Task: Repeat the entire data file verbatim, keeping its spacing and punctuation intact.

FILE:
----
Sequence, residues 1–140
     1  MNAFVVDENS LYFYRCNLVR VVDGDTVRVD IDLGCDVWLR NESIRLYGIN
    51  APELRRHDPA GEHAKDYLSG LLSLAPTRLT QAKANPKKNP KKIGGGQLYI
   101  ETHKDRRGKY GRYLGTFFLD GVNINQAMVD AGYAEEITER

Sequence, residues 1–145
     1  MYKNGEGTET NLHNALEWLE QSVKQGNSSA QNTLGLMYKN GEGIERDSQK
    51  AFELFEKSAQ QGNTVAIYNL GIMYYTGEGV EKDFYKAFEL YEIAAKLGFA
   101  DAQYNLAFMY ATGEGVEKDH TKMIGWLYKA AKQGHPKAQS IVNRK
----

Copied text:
Sequence, residues 1–140
     1  MNAFVVDENS LYFYRCNLVR VVDGDTVRVD IDLGCDVWLR NESIRLYGIN
    51  APELRRHDPA GEHAKDYLSG LLSLAPTRLT QAKANPKKNP KKIGGGQLYI
   101  ETHKDRRGKY GRYLGTFFLD GVNINQAMVD AGYAEEITER

Sequence, residues 1–145
     1  MYKNGEGTET NLHNALEWLE QSVKQGNSSA QNTLGLMYKN GEGIERDSQK
    51  AFELFEKSAQ QGNTVAIYNL GIMYYTGEGV EKDFYKAFEL YEIAAKLGFA
   101  DAQYNLAFMY ATGEGVEKDH TKMIGWLYKA AKQGHPKAQS IVNRK